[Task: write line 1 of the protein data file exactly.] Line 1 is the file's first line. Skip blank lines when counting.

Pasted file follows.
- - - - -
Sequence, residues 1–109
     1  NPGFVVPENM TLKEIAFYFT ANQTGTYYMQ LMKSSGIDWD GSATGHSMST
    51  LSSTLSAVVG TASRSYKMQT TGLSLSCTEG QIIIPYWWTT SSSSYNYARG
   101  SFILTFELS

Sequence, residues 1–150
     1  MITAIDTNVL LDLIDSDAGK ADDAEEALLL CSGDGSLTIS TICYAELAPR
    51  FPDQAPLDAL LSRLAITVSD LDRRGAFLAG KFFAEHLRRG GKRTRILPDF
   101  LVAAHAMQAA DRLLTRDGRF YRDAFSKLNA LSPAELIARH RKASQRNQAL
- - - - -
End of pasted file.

Sequence, residues 1–109